“Second-round exits are for second-rate teams.” does this also mean that first-round exits are for first-rate teams? ’cause that would be awesome news for the lakers.

  • http://slamonline.com Russ Bengtson

    Kobe’s a last resort to me. If Pax were to go out and get Kobe, he’d more or less be admitting that his entire philosophy was wrong. Skiles would have to go, and Kobe would STILL need a low-post threat to be effective. I can’t get over how well KG would have fit in–both with whatever players remained and within Skiles’s system. His presence would have undoubtedly helped Hinrich, Deng and Gordon. Not to mention Wallace. Their not getting Garnett (and not utilizing P.J.’s expiring contract) is my biggest Bulls-related regret of the past decade–moreso than their not keeping the championship core together for one more season.

  • http://slamonline.com Russ Bengtson

    For the record, I would gladly see Jermaine O’Neal in red and black, but I have trouble believing that the Pacers would deal him to a division rival.

  • Keith

    K.G. is the kind of personality and player to fit in anywhere. His style is so unselfish, and his skill set so vast that you can’t not want him. Boston did a great piece of business there. That makes me feel sick admitting that Ainge actually did something a bit right.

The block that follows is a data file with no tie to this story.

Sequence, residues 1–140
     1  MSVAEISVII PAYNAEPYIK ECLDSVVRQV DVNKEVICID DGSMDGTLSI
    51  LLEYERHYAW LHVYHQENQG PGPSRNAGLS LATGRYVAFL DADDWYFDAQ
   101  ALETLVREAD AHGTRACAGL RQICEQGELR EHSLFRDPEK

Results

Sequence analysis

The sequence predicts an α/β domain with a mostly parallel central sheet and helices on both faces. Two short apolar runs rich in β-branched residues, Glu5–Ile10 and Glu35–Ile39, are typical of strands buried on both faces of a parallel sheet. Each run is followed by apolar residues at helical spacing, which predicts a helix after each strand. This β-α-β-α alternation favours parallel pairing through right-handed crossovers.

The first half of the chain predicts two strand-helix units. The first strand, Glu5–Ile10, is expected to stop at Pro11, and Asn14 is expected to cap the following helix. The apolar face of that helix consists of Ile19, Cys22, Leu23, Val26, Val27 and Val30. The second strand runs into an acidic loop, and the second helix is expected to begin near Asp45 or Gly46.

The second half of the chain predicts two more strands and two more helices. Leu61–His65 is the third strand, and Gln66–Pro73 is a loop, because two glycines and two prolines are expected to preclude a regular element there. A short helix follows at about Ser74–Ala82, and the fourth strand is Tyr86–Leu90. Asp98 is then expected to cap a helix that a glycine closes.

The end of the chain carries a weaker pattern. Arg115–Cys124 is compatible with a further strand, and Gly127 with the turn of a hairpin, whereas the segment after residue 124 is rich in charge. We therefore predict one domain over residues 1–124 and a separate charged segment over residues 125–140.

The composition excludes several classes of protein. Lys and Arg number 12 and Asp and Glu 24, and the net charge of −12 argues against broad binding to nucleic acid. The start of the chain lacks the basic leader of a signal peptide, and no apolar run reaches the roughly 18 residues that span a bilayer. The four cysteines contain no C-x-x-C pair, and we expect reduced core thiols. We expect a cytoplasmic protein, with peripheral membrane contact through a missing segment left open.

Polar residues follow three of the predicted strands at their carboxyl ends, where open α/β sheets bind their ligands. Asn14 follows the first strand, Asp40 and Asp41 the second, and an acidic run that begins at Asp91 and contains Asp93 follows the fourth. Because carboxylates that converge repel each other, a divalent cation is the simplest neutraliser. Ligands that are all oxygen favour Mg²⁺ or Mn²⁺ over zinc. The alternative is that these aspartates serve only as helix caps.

• Keith

    In all honesty Russ, I think you’re being impatient. The season is not even 10 games old and you’re worrying. Look, the Eastern conference playoffs are never gonna be out of reach. Admittedly, the East has improved this year and will be more difficult but I think you’re finding problems with a team which is just starting the season slowly.

  • Phil B

    that’s what i’ve been saying. but i don’t like the bulls, so every mistake just makes me smile.

  • http://slamonline.com Russ Bengtson

    Who’s the Rasheed Wallace of ’07-08? There’s gotta be someone out there who just needs a change of scenery. I’m just at a loss to think of who. Garnett and Z-Bo already switched teams, Kirilenko seems to be over his little snit, and Kobe has been discussed ad nauseam. At this point I’d consider taking Michael Sweetney back and just trying to play him into shape.

  • Keith

    In short: Stop whining.